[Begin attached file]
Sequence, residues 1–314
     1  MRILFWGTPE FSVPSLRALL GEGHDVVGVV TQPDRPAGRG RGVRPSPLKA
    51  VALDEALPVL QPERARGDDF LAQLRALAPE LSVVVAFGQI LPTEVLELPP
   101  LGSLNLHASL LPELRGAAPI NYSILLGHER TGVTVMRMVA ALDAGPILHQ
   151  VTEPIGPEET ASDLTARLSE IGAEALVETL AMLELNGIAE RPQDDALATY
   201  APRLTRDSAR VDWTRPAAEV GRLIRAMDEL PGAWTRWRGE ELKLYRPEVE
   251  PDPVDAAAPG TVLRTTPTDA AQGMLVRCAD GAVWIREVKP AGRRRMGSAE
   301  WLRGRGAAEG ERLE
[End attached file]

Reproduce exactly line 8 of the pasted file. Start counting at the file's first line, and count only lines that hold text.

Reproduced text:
   301  WLRGRGAAEG ERLE